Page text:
Symbols of water
Trees, birds, water — Brazilian sculptress Elizabeth Titton immortalizes the beauty of nature in stainless steel.
At first glance, steel seems hard and cold. But it can be transformed in many ways and that serves as inspiration for Brazilian sculptress Elizabeth Titton. With the help of laser light, she breathes life into this inert material and tells stories with her sculptures. By way of example, she shows how the cycles of nature present to humanity a gift — one that some take for granted while others see it as precious. Indispensable for everything living thing is the element of water.
This element is also the key to the business pursued by Sanepar, a water utility located in the south of Brazil. An art competition was declared on the occasion of the firm’s semi-centennial and this artist, born in São Paulo, took the honors. Elizabeth Titton’s sculpture, Sanepar 50 anos, is made of sandblasted stainless steel and measures 1.20 meters across and five meters tall. “I took a very close look at the company and its goals because I wanted to create something both enduring and reflecting the core subject: water,” explains the artist, now 65 years of age. The column-like sculpture comprises four stacked stainless steel rings, crowned by a swarm of birds. Each of the five discrete sections represents ten years of company history.
The first ring is penetrated by wave profiles representing river water. The second shows cutouts shaped like the trees that line and shade the riverbeds. In the third ring, drop-shaped openings stand for both raindrops and drips from the faucet. The fourth part of the sculpture is decorated with clouds, the source of the rain that keeps nature alive. The sculpture is topped with birds whose motion symbolizes water’s perpetual cycle.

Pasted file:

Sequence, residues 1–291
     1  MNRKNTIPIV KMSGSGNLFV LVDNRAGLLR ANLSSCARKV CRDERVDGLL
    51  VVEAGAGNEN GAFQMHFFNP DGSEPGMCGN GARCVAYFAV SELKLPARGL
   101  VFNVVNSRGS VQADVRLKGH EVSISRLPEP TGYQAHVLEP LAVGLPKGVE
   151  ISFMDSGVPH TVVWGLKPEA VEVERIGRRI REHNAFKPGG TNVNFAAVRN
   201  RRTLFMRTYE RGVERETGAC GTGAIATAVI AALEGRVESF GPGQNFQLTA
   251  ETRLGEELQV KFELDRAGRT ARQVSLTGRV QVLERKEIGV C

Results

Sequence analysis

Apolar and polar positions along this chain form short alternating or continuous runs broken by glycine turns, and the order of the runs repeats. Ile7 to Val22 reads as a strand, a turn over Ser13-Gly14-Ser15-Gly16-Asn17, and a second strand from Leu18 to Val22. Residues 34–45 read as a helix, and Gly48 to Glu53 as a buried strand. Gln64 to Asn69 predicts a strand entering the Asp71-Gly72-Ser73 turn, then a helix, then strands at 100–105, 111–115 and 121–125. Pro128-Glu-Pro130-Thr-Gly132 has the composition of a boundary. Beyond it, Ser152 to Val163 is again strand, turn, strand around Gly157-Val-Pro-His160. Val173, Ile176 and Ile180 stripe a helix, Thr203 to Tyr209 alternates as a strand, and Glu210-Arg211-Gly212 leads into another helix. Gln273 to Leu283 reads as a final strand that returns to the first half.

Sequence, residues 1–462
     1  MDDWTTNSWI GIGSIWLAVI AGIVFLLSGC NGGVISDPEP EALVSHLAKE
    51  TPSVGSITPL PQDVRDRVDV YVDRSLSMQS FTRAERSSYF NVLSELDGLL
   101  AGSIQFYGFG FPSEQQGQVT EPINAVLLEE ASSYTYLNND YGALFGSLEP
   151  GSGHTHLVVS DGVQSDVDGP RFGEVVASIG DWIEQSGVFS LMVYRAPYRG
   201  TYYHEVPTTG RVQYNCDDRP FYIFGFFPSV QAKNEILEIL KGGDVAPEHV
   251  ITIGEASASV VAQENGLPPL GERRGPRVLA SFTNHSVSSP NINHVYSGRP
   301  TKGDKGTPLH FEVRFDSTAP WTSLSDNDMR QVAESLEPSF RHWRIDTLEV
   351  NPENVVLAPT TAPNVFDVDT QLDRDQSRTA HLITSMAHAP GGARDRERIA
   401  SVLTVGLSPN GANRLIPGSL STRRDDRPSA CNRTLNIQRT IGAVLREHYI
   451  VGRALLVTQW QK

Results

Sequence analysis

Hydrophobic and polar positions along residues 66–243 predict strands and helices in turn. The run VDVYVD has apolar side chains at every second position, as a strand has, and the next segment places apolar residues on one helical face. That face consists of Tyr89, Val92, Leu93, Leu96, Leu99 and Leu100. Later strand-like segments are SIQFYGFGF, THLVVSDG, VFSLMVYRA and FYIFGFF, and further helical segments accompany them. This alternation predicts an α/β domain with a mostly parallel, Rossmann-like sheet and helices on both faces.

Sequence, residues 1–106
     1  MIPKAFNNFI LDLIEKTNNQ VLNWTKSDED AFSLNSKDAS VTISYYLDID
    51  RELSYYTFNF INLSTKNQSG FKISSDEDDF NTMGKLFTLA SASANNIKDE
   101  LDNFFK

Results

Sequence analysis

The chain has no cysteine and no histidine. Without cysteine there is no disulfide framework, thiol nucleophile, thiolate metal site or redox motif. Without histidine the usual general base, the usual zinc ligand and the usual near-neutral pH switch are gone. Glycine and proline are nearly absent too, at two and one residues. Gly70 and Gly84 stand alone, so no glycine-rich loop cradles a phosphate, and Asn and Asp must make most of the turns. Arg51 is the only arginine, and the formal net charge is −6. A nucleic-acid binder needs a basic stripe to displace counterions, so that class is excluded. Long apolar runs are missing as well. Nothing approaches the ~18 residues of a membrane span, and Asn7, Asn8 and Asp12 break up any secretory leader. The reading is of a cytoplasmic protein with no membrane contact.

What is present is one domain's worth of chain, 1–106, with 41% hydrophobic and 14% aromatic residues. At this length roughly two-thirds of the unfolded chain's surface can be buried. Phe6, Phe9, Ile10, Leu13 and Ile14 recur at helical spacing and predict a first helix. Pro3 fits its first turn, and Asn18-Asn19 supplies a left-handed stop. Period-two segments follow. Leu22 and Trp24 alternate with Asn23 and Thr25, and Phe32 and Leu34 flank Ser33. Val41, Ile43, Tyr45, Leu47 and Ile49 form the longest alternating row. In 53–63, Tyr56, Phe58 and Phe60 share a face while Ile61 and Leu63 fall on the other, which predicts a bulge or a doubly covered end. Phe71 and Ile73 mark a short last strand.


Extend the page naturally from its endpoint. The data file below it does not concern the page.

Depicting nature in steel is nothing new for the artist who, over the past twenty years, has mentored others in her own Pró Criar art school. In her solo exhibit “In Natura — Elizabeth Titton 2007,” she showed a forest made of 35 steel trees, each taller than a man. “Even then, the Merpe job shop in my home town of Curitiba helped me in its making and did so for the current sculpture, too,” Titton recalls. This is because manufacturing a steel sculpture requires exacting and detailed planning. A sketch by Titton serves as the basis for the technical drawing. Before starting, it is necessary to specify the alloy, the gauge and the size of the plates. When preparing sculptures for public spaces, it is also necessary to consider the material’s resistance to weather and scratching. The procedures that follow are the same as those used in conventional metalworking. The cutting data are programmed and the laser cuts exactly what the artist desired for each individual section.
In the Sanepar structure, the panels were curved to form sections of tubular rings. The edges were bent to form flanges that were then bolted together. When installing birds the artist, who was on site throughout the production operations, got in on the action herself. “It is one thing to arrange the birds on a drawing and quite another to see them in three dimensions. That makes it necessary, before welding, to analyze the overall effect of the individual elements,” she emphasizes.
Today the sculpture stands on the Sanepar company grounds and radiates nothing of the coldness of steel. The delicate cutouts play with light and shadow while the lightness of the birds lends the column an aura of grace. The sheen of the stainless steel reminds the viewer of cool waters and is thus a symbol for what Sanepar has been doing for 50 years. And all this is exactly as Elizabeth Titton envisioned it.
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This article was first published in winter 2014.